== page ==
G: Jrue Holiday, Bucks

G: Alex Caruso, Bulls

Jackson, Lopez and Mobley — my top three finishers in Defensive Player of the Year voting — make up my First Team frontcourt. According to The BBall Index’s defensive metrics, Holiday is one of only two players in the league to rank in the 90th percentile in average matchup difficulty, defensive positional versatility, on-ball defense and ball-screen navigation; he guards All-Stars of all shapes and sizes, clamps down on opposing ball-handlers on the regular and just plain refuses to get picked off his man. The tip of the spear on a Bucks defense that tied for third in points allowed per non-garbage-time possession was a lock at one of the guard spots.

The other one goes to the answer to the question, “Wait a second: How in the hell is a team starting DeMar DeRozan, Zach LaVine and Nikola Vucevic ranked fifth in defense?”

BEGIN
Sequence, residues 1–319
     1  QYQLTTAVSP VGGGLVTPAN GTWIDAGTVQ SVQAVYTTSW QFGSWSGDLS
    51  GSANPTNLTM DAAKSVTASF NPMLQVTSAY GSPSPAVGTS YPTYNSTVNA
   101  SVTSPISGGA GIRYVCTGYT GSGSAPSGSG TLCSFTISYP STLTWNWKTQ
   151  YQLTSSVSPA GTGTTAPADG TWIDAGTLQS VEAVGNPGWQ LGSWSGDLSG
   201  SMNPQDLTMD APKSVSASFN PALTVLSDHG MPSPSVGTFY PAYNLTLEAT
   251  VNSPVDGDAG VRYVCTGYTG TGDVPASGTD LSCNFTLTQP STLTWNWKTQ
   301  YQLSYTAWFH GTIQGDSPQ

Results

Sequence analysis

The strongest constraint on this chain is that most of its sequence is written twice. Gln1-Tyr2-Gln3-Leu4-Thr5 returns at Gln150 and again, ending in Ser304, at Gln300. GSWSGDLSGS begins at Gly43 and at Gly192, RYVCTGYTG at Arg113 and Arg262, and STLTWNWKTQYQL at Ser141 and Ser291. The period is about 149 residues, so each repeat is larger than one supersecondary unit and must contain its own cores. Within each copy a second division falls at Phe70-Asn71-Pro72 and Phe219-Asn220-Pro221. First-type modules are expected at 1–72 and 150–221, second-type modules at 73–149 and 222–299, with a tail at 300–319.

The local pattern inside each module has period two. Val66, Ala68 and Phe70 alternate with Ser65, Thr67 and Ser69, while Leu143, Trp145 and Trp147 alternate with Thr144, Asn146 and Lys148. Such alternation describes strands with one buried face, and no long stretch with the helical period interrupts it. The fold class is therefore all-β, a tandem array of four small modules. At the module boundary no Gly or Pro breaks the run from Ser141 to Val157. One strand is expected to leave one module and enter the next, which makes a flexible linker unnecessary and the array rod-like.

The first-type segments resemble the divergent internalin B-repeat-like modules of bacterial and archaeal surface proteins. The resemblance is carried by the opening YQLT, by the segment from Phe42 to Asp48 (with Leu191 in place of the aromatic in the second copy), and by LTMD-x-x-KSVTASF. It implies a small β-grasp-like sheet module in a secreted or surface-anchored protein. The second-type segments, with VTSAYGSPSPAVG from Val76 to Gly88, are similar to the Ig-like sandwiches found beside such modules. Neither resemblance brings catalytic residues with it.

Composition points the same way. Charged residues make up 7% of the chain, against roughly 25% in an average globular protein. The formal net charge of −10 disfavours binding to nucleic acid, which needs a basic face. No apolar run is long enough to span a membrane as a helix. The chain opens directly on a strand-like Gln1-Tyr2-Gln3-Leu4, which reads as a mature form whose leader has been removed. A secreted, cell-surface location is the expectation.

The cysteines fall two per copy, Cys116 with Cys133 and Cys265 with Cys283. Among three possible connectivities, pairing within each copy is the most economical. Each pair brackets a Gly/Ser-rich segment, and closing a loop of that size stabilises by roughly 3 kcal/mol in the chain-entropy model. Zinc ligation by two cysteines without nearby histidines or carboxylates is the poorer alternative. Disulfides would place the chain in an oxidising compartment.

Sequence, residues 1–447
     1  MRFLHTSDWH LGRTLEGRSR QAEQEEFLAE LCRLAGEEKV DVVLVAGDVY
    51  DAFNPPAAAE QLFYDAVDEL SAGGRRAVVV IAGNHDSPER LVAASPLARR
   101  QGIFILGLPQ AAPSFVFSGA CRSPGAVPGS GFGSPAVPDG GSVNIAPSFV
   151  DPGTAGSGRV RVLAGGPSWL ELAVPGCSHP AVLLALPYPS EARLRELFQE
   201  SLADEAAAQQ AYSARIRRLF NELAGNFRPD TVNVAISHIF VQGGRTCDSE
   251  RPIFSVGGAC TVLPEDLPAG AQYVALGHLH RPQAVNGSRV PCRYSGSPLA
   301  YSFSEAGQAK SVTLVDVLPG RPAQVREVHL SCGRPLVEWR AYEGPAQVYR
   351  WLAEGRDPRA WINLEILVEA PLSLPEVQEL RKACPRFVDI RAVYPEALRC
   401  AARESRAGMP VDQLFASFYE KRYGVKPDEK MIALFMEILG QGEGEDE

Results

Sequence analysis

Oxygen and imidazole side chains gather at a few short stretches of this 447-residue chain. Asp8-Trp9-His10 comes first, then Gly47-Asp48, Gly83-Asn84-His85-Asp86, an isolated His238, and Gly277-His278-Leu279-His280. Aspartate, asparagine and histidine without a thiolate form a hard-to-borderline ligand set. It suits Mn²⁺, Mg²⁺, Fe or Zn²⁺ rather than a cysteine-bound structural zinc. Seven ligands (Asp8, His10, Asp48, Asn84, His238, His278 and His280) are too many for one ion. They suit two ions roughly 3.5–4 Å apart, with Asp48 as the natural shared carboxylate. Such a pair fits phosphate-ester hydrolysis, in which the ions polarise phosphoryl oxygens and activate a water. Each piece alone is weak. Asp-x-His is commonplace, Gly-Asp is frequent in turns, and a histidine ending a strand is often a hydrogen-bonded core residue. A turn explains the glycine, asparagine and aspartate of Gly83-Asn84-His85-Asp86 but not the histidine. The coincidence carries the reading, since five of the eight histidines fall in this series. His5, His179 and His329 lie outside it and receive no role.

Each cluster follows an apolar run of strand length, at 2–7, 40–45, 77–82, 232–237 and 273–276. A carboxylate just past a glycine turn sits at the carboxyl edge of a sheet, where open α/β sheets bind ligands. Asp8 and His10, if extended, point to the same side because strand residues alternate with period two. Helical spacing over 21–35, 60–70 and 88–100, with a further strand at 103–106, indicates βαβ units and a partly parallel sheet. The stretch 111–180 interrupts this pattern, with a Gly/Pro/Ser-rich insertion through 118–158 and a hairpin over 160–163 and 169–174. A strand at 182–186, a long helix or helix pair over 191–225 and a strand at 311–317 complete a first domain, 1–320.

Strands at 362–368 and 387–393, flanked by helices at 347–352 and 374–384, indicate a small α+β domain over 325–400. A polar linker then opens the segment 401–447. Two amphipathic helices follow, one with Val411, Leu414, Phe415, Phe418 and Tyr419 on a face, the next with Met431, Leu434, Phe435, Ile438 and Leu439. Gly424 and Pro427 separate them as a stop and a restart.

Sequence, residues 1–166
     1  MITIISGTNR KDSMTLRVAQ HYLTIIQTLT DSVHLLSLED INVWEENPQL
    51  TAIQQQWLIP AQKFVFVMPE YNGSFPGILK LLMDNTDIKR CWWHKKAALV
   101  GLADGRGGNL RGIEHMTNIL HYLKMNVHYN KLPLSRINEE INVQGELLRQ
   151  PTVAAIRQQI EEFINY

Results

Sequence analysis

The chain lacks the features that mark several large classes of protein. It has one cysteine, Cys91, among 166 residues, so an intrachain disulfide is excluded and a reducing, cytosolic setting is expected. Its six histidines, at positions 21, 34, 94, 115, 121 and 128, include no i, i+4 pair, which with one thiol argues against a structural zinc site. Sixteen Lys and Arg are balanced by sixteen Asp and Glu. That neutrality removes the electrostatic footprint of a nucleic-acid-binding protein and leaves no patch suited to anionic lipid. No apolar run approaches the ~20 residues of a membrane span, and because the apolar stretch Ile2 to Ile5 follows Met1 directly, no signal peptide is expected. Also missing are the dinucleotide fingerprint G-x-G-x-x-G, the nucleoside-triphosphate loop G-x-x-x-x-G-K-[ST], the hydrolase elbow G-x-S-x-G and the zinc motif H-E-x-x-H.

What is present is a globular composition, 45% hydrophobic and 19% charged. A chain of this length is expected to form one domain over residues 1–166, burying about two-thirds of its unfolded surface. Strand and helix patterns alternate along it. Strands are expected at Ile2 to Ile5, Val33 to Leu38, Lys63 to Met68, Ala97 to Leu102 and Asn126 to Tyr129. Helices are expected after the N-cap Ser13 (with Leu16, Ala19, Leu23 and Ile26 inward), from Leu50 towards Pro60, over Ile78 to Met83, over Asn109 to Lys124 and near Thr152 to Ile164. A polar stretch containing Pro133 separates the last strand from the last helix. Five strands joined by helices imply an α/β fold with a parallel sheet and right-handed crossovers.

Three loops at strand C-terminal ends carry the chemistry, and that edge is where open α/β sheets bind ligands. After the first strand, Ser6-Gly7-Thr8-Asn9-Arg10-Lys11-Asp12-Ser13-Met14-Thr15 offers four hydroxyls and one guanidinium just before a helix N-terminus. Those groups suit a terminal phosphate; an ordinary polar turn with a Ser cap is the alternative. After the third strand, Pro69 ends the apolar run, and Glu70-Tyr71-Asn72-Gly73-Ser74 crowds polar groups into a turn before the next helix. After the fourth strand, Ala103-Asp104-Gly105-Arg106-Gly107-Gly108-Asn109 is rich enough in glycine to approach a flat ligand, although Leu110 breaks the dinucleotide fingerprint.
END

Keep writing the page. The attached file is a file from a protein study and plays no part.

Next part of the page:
Caruso was a havoc-wreaking demon this season — a Molotov cocktail lobbed into the middle of opponents’ offensive schemes, mucking up countless possessions through elite anticipation, well-timed rotations, a willingness to guard up a position (or two) if it could throw sand in the gears of an offense, and the kind of maximum effort that would make Wade Wilson blush.

I don’t blame analytics skeptics for arching an eyebrow at Caruso finishing first in the entire stinking league in defensive estimated plus-minus, defensive luck-adjusted regularized plus-minus *and* FiveThirtyEight’s defensive RAPTOR. But those all-in-one numbers seem to be capturing something that the meat-and-potatoes stuff does, too.